"Good Vibrations," the Beach Boys' 1966 chart topper, tries to make it sound like a happy, friendly musical instrument.*
But _we_ know the Truth, don't we!
Despite being a relatively "new" musical device, the Theremin has one of the most interesting histories of all instruments.
The Theremin was developed between 1918 and 1928 by Léon Theremin (nee Lev Sergeyevich Termen, 1896-1993), a Russian technical whiz who also invented the motion detector and had a hand in the early evolution of television. After dabbling in Captialism -- RCA manufactured the Theremin beginning in 1929 -- he mysteriously returned to the Soviet Union in 1938 and designed various devices for the KGB. He died in Moscow at the ripe old age of 97.
Why did Theremin "disappear" from the USA in 1938? The consensus is that RCA's Theremin didn't exactly turn out to be the hit that the capitalist stooges anticipated. When the USA's G-men started asking Theremin where all his RCA money went, Léon hit the proverbial road.
Astoundingly (to me, anyway), RCA advertised the Theremin as the easiest of instruments to play! The general public (who also soon faced the Great Depression) literally didn't buy it. Here's why.
The Theremin is essentially a box that sprouts two antennae. Typically, the horizontal antenna on the left controls volume while the vertical antenna on the right manipulates pitch. By moving his or her hands in the proximity of the antennae, the performer generates music without touching anything.
In one sense, then, RCA was right. If you want to make a sound with a Theremin, all you have to do is stand right up next to it. Easy! But if you want to play traditional music that involves discreet, well-defined pitches, the learning curve suddenly turns vertical. The tiniest gesture will produce an audible change in musical output. For subtle nuances, the movement of a whole hand is waaay too much. You simply wiggle fingers. Even the movement of your chest as you breathe can create sonic changes you'd wish you didn't have to deal with. And you'd better be set up with plenty of open space around you because if a cat happens to amble past ....
Beyond the struggle with sensitivity, there's the straightforward frustration of having nothing to grab or poke or whack. On a piano, all the notes are right in front of you (except for the ones in the cracks between the keys). On a violin or trombone, at least you have a certain amount of physical resistance, even if you don't have frets or valves to keep you firmly in tune. You have to be very well anchored in front of a Theremin because your spatial awareness is the only thing that will keep you harmonious.
Of course, if it's Halloween, who cares if you're in tune or not! Trick or treat!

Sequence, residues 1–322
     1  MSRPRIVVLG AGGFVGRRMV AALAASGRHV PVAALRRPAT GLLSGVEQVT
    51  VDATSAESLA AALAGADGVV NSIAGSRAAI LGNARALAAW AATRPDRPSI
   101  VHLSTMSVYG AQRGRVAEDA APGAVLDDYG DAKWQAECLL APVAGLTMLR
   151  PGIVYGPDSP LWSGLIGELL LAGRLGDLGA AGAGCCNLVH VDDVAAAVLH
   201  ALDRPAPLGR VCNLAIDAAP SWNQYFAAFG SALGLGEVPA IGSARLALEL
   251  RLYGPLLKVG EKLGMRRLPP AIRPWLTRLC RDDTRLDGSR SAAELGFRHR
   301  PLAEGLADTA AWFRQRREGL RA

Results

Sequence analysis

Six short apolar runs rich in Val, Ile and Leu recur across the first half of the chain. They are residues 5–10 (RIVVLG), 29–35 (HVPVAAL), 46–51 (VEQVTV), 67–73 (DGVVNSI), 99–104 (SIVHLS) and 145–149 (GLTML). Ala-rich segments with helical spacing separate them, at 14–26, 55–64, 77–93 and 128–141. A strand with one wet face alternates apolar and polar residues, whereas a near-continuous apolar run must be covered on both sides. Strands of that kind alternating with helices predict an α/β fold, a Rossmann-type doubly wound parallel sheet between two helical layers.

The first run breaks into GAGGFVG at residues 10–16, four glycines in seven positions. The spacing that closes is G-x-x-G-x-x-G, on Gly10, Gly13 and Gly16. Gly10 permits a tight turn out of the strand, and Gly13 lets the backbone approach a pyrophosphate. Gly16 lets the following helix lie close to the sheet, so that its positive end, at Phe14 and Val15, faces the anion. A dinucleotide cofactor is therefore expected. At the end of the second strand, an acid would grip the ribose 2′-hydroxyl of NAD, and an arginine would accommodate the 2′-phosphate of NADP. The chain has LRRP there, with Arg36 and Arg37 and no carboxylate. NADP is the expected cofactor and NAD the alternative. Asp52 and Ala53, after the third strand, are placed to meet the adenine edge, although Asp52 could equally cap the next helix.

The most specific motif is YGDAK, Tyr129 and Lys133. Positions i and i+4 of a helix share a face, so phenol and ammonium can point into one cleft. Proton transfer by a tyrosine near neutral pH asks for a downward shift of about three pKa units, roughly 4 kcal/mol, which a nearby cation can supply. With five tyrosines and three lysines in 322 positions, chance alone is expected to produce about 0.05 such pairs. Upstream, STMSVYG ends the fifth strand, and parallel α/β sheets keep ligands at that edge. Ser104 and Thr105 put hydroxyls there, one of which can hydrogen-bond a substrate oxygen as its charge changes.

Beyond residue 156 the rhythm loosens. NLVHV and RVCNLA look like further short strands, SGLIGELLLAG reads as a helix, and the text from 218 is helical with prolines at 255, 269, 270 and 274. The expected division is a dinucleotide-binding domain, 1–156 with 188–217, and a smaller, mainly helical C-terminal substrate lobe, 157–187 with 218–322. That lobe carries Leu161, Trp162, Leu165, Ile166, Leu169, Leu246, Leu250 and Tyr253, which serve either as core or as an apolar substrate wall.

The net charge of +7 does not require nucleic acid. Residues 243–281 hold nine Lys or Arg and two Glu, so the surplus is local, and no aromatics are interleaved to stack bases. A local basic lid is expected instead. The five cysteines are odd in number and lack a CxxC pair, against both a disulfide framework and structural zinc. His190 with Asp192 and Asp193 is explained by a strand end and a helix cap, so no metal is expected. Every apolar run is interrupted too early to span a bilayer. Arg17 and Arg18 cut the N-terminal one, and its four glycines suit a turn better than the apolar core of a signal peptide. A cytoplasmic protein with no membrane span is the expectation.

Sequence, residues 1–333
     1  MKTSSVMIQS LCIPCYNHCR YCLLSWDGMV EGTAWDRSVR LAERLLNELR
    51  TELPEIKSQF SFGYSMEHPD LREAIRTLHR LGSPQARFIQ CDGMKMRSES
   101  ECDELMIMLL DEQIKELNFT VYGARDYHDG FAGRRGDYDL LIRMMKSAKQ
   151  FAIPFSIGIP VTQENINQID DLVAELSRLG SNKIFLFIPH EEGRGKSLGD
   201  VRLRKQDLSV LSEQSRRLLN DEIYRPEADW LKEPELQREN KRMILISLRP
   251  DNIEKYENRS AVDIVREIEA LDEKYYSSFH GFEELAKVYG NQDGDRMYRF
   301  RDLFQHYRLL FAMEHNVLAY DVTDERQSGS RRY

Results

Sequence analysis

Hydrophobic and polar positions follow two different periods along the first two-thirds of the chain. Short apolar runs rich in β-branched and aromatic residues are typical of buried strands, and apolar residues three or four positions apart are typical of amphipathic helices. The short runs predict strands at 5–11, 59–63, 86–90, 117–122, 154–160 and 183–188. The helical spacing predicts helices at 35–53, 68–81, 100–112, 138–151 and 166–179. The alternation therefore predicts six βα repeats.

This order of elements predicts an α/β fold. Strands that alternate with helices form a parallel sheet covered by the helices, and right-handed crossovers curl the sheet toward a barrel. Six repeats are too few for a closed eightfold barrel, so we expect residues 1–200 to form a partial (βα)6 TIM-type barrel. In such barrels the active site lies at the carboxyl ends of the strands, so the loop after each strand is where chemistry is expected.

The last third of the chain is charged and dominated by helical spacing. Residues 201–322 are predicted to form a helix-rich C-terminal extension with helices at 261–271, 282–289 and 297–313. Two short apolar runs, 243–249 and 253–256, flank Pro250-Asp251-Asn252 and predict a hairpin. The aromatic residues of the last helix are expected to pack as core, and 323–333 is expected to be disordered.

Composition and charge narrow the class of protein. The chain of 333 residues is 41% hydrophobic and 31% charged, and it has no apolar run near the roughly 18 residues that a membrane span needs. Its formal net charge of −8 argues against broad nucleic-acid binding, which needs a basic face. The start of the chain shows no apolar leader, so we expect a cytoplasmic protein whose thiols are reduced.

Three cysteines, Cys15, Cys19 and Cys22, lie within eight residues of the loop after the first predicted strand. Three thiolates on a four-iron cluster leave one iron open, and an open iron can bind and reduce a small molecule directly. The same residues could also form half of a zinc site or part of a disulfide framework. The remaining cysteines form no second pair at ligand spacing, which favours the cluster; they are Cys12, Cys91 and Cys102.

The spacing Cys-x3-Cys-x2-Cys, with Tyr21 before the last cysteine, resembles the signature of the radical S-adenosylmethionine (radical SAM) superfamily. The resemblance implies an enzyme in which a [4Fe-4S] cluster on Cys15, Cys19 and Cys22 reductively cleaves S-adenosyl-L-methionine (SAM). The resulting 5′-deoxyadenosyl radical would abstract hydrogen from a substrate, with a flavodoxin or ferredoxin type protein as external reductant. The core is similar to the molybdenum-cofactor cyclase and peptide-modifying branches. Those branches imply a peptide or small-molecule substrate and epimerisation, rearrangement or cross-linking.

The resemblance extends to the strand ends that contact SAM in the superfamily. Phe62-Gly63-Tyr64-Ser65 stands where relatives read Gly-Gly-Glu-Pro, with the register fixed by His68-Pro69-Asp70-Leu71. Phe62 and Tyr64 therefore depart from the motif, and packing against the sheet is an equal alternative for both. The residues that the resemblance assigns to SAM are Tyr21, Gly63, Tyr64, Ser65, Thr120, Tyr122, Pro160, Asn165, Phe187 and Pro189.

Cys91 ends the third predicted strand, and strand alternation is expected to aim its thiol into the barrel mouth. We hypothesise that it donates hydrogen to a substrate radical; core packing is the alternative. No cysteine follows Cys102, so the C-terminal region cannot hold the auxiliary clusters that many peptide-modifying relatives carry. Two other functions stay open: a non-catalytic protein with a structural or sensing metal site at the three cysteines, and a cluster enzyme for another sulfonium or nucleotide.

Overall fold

That's the only time I usually play: Halloween.
Robert Moog (the famous synth designer) got his start as a Theremin builder when he was a kid. You can buy nice Theremins (finished or in kit form) today!
I bought my Etherwave Theremin Kit in 1999 and I doubt that the design has changed since then. Even though the Theremin's reputation may lead you to believe that it is powered by goat's blood (hey Trader Joe's!) and only comes to life every Friday the 13th, in fact it looks rather mundane. A simple wooden box with a few knobs on the front and a couple of pieces of metal sticking out is all you get.
The Etherwave kit is very easy to assemble. If you have any electronics chops at all, putting the Etherwave together yourself is cake (although it will only save you $40). The sound is what you'd expect from a Moog product: A nice fat Theremin-y timbre that can be tweaked a bit for taste. If you're looking for all sorts of presets and fancy digital signal processing that you have on your Yamaha keyboard, look elsewhere. This aetherial baby is all analog.
Once built, all you have to do is learn how to play it. By wiggling fingers. And standing as still as a statue. Without breathing. Or thinking about anything but how the heck you're going to get to that next note. That's where the hard work comes in.
As much as I like my little Theremin, I can't recommend it unless you've got about $400 you don't know what to do with and you're slightly musically insane. I'm glad there are enough folks out there who fit that description to allow Moog to keep this product alive.
If you plunk, you can take comfort in knowing that you'll be the life of the party every time Halloween rolls around. Start working on your Gort costume now!
* Actually, "Good Vibrations" uses an "Electro-Theremin." The Electro-Theremin was invented by studio trombonist (of course!) Paul Tanner. It was a very hands-on device that used a mechanical slider to determine pitch and a run-of-the-mill ol' knob to control volume. I'm sure it was still rather difficult to play well, but being able to hold onto knobs and sliders is regarded as cheating by Theremin purists.